It’s hard to imagine the Yankees re-assembling a back-end bullpen that rivals the overall talent and depth of last year’s lineup of Dellin Betances, Andrew Miller, and Aroldis Chapman.
If you’ve been keeping tabs on the recently commenced MLB free agency period, then you’re probably somewhat familiar with the names that make up the most wanted list of players who can add value to prospective clubs. If you’re a Yankees fan — knowing that the team is in dire need of pitching reinforcements, then you definitely have a target or two you’d like them to acquire.
After watching the Indians get to the World Series on the strength of their relief pitching, it’s safe to say that the Yankees would be wise to re-invest in a proven commodity or two that can close out close games — especially since their starting staff in ripe full of question marks pertaining to durability.
This fact is further exploited after taking a gander at the level of effectiveness from the hurlers that make up the free agent starting pitching portion of those looking for employment. When Rich Hill and Jeremy Hellickson are two of the most revered names available, you have to think twice about redirecting funds to a more stable investment.
By now everyone and their mother knows the Yankees are in a rebuilding mode. No one expects this club to compete until 2018 at the earliest, as GM Brian Cashman noted the other day. Then again, how many folks figured the Yankees would be in the thick of the AL Wild Card chase for most of this past September?
Adding any one of the big three closers this winter (Chapman, Kenley Jansen, Mark Melancon), to a decent — albeit interesting mix of middle relief arms like Adam Warren, Tyler Clippard, Chasen Shreve, Jonathan Holder and so on, takes an immense amount of pressure off the starting staff.
By shortening the game to say five or six innings max, you allow your high-priced arms to leave it all out on the field for a tad over half the game — instead of worrying about a high-pitch count (Michael Pineda) or waning energy levels that often result in gopher balls left high in the strike zone (CC Sabathia!)
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Yankees GM Brian Cashman recently told the NY Daily News: “Some of those names are pretty big, sexy names, so whenever they decide to make a decision to sign with somebody, it will always be a big story whether you’re Kenley Jansen, Aroldis Chapman, Mark Melancon, to name those big three. … When they sign somewhere, it will be a big story for the cities that secure them.”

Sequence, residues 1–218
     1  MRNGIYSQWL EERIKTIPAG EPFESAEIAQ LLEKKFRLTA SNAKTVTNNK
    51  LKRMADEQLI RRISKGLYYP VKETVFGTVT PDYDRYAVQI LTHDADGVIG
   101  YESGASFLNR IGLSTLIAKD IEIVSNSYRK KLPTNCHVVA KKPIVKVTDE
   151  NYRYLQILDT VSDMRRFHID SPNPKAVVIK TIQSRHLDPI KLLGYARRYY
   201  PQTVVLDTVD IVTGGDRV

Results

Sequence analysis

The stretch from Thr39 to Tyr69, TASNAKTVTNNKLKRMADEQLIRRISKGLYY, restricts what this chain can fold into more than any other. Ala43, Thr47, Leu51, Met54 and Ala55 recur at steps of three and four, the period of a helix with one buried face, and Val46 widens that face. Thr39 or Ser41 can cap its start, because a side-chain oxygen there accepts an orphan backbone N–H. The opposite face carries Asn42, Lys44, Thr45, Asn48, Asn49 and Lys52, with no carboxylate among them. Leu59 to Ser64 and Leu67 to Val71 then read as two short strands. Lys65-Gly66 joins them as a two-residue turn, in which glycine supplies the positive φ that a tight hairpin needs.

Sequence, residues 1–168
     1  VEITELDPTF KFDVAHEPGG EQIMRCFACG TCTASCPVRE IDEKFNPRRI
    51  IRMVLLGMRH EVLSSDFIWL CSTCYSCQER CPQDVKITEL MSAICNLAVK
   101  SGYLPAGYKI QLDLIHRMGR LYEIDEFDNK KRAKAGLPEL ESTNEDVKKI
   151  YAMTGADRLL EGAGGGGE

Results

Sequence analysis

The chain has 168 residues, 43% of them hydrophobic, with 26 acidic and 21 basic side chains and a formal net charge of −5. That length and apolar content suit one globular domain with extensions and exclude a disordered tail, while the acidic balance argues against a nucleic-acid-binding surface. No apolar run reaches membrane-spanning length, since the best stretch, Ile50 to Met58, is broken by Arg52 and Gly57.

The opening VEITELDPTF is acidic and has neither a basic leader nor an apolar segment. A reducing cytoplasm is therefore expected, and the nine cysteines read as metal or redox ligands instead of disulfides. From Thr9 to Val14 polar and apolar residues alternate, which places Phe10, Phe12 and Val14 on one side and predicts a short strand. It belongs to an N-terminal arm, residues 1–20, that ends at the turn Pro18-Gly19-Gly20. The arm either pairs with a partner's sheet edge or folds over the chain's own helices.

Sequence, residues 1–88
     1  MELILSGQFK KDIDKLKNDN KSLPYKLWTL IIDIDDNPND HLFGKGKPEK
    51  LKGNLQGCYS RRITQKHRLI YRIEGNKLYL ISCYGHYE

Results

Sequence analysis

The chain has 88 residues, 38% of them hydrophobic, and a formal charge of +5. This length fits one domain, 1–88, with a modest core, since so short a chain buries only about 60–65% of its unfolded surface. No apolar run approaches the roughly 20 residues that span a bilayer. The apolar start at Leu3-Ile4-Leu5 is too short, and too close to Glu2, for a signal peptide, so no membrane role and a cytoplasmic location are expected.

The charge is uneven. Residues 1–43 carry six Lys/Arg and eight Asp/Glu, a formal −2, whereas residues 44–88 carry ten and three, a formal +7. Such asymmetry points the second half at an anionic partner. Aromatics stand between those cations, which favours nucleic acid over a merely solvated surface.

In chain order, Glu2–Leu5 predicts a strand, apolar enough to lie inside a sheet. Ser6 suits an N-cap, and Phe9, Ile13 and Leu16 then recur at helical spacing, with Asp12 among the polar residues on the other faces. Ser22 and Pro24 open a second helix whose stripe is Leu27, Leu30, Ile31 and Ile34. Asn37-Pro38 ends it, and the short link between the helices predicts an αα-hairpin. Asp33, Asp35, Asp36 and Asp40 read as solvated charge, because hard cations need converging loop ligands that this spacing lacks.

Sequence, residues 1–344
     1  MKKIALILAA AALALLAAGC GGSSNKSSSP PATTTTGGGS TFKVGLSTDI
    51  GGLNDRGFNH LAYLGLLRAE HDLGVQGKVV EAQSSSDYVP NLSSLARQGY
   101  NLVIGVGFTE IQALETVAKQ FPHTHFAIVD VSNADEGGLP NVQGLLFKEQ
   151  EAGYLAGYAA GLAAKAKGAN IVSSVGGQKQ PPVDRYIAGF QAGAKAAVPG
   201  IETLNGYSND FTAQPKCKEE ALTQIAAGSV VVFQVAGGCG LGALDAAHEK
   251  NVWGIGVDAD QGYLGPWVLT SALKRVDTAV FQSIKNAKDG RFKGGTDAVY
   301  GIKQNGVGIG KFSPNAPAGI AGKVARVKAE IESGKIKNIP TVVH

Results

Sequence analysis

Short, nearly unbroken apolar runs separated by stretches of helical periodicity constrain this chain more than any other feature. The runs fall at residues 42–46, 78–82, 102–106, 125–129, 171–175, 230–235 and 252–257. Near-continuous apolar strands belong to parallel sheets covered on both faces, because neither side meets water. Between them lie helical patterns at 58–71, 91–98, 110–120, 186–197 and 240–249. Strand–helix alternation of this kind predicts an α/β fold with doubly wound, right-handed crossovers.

Word has already leaked that Chapman wants a contract approaching the $100M mark. I immediately figured this takes the Yankees out of the running since these are the days of cost cutting in the Bronx. While I still hold to that notion, if the club can sway him or Jansen to stay around the $75-90M range, then maybe just maybe Hal Steinbrenner signs off on the most lucrative contract for a relief pitcher in MLB history.
On the other hand, Melancon should only approach the $55-70M ceiling, although this could jump significantly should some desperate club (San Francisco Giants) drop an insane amount of cash at the feet of one of the aforementioned names.
Though Jansen would cost any club not named the Dodgers a first-round pick through the dreaded qualifying offer, general managers around baseball know signing someone with the QO hanging overhead is still a risk worth taking.
“There’s an element of the law of economics from a supply and demand perspective, no doubt,” Angels GM Billy Eppler said. “You see the impact that they have not just for the role that they’re doing, but for the roles of everybody else. Everybody takes a step earlier in the game, it can ease the burden on the starting pitcher as well.”
Should the Yankees miss out on one of the highly coveted free agent closers, they could always look at Greg Holland who is returning from a year off due to Tommy John surgery, or towards the trade market where David Robertson and Wade Davis could be had at a reasonable price.
“In some cases, guys will get paid, then there are other cases, there are guys on the trade market that are available,” Cashman said. “There are a lot of different ways people can go to skin that cat. I think it’s always going to be an area of concentration for clubs to collect as many quality arms in the bullpen as they possibly get.”